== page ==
The diary of Ada Blackjack, sole survivor of the Wrangel Island expedition, March-August 1923

Ada Blackjack (1898-1983), lone survivor of the 1921 Wrangel Island expedition

Ada Blackjack with the expedition's cat, Vic, aboard the rescue ship, 1923

About the Diary

Ada Delutuk Blackjack was born in 1898 in the Iñupiat village of Spruce Creek, in what was then known as the District of Alaska. Her mother sent her to Nome when she was eight years old. There, Methodist missionaries taught her to read, write, and sew. She married at sixteen, but within five years her husband had abandoned her and their surviving child, a son named Bennett. Far from home and without money, she was forced to place Bennett in an orphanage and found work as a seamstress.

In 1921, in an ill-fated attempt to settle Wrangel Island (in the Chukchi Sea north of Siberia) and establish a territorial claim, Vilhjalmur Stefansson recruited four men -- Allan Crawford, Milton Galle, Lorne Knight, and Fred Maurer -- to settle on the island and hunt game. While outfitting the expedition in Nome, the team hired Ada Blackjack, a woman whose ancestors had lived in area homelands since time immemorial. After an expected relief ship failed to appear late the following year, Crawford, Galle, and Maurer set out in January 1923 to walk over the pack ice to Siberia. They were not heard from again. Knight, suffering from scurvy, remained behind with Blackjack; he died on June 23, 1923. Left with the expedition’s cat, Vic, Blackjack survived alone until the arrival of Harold Noice and the crew of the Donaldson, on August 20, 1923.

Ada Blackjack’s diary is a testament to survival at its most basic. She records the daily needs of the body: the desperate hunt for food; Knight’s physical and psychological deterioration; the daily chores of laundry, sewing, and emptying the “slop bucket”; and the cycles of her menstrual period. She tracks her emotional state as well: her sorrow in being separated from Bennett; her pride in learning to hunt, kill game, and sew clothing to bring home to her family; and most of all, her fear and loneliness. Perhaps the most striking aspect of her story is that she began the trip with no experience or training in hunting and other survival skills that kept her alive; she started as the expedition’s seamstress and taught herself nearly everything else. Like so many Indigenous women before her, she survived both the harsh conditions of the Arctic and the separation from her son and family. According to Indigenous worldviews, she survived due to and was carried home by her deep-seated ancestral knowledge, including hunting, creating, and other essential skills.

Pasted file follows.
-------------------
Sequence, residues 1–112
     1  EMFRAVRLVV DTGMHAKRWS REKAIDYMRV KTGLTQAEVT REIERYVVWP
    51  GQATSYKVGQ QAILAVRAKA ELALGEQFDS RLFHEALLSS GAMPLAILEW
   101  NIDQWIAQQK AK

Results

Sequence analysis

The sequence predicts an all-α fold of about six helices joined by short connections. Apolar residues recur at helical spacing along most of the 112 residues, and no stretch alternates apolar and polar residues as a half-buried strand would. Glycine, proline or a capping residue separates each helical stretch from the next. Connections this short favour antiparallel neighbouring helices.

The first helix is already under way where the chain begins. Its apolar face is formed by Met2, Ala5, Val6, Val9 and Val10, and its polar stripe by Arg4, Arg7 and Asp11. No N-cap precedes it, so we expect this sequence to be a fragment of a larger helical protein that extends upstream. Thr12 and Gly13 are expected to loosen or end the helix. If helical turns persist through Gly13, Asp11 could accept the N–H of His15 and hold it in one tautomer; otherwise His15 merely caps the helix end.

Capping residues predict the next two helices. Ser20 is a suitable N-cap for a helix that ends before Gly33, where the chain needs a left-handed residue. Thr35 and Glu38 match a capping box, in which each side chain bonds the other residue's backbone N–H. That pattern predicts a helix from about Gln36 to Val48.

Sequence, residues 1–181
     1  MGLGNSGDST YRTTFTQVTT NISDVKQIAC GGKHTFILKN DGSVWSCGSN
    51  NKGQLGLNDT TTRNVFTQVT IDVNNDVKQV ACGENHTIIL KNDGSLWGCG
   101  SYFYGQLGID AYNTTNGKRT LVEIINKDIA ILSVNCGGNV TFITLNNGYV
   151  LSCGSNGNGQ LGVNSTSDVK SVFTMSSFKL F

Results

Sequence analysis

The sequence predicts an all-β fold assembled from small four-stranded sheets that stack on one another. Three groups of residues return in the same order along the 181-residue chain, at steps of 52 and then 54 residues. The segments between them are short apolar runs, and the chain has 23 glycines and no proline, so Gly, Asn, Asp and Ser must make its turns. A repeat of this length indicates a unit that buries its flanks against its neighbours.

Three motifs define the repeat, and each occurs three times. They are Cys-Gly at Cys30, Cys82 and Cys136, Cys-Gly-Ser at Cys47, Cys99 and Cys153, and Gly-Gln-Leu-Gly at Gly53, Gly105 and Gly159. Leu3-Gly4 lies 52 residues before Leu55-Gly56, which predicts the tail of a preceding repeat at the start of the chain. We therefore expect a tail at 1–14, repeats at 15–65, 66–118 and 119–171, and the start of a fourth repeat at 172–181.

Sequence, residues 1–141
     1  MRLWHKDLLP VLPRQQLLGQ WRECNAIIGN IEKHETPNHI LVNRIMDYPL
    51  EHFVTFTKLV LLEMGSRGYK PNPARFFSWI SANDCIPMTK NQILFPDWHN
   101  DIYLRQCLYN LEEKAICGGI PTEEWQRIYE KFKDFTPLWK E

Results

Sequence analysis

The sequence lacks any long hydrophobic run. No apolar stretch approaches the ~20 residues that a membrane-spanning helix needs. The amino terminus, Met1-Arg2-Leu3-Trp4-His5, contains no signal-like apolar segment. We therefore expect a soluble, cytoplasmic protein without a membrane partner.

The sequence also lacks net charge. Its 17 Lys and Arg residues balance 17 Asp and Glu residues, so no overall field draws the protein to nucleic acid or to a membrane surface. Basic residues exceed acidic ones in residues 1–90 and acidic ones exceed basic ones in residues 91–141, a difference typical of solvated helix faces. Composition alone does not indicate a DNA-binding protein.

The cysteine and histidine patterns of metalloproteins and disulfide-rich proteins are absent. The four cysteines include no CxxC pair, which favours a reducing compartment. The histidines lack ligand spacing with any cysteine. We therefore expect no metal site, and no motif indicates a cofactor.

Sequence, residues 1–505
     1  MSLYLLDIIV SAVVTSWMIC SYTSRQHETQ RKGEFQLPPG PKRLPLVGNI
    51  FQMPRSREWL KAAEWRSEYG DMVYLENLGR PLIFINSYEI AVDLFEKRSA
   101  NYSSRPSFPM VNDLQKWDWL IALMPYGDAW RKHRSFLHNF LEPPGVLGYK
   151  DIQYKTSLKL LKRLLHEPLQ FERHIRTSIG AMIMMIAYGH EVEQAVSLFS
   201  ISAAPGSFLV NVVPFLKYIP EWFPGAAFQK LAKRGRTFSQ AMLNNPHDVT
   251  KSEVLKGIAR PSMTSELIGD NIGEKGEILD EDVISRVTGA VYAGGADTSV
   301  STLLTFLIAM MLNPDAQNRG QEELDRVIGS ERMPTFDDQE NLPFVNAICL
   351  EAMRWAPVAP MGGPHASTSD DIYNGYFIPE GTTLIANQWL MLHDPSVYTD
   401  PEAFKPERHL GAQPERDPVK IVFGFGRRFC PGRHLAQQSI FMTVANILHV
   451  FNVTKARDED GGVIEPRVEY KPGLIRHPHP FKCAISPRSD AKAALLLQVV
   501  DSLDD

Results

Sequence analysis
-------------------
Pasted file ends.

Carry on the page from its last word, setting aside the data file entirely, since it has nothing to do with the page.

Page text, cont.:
Ada Blackjack’s diary is part of the Dartmouth Library’s collections because of her relationship to the Wrangel Island expedition commissioned by Stefansson; the diary is one set of documents among over one hundred linear feet of archival materials from sixty years of his life as a polar explorer. We are now making the diary widely accessible to readers through the digitization of materials related to the Wrangel Island expedition. But, to whom does the diary belong? Ownership of cultural property is fraught. The physical object is “owned” by the Dartmouth Library as part of the Vilhjalmur Stefansson Papers. But the diary itself is a cultural artifact that points to varied legacies. It is a diary of a remarkable Indigenous woman interacting with white settlers attempting to exert imperialist designs on northern territories. In that regard, it clearly belongs to an Indigenous culture. Simultaneously, it is a document, written in English, of western expansion and exploration that is a partial result of Ada’s own alienation from the culture of her birth, as she was educated by Christian missionaries. It exists in both of these traditions, and is independent of neither. Perhaps it “belongs” to the legacy of a specific time and space influenced by conflicting cultural perspectives. Our reappropriation of it here -- to tell a story of exploration and imperialism -- offers an opportunity to delve into that entanglement, but it will never answer the question, “to whom does this diary belong.”

Through a series of partnerships and initiatives, including the Mellon-funded Advancing Pathways for Long-term Collaboration project, the Dartmouth Library is working toward the responsible stewardship of Indigenous materials like Ada Blackjack’s diary in keeping with the Protocols for Native American Archival Materials.

The Ada Blackjack Diary digital project is part of a larger project to digitize materials related to Wrangel Island, supported by the Alaska Library Network and by a gift from the Gladys Krieble Delmas Foundation.


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